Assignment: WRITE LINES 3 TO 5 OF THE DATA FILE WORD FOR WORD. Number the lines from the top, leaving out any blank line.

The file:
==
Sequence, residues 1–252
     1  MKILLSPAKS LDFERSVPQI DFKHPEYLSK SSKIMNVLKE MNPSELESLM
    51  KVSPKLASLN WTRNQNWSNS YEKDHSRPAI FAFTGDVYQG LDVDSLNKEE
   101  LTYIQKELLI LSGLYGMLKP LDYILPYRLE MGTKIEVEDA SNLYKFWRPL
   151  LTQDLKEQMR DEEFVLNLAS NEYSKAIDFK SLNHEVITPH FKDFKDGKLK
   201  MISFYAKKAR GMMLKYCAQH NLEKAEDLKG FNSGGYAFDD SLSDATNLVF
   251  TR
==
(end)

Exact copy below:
    51  KVSPKLASLN WTRNQNWSNS YEKDHSRPAI FAFTGDVYQG LDVDSLNKEE
   101  LTYIQKELLI LSGLYGMLKP LDYILPYRLE MGTKIEVEDA SNLYKFWRPL
   151  LTQDLKEQMR DEEFVLNLAS NEYSKAIDFK SLNHEVITPH FKDFKDGKLK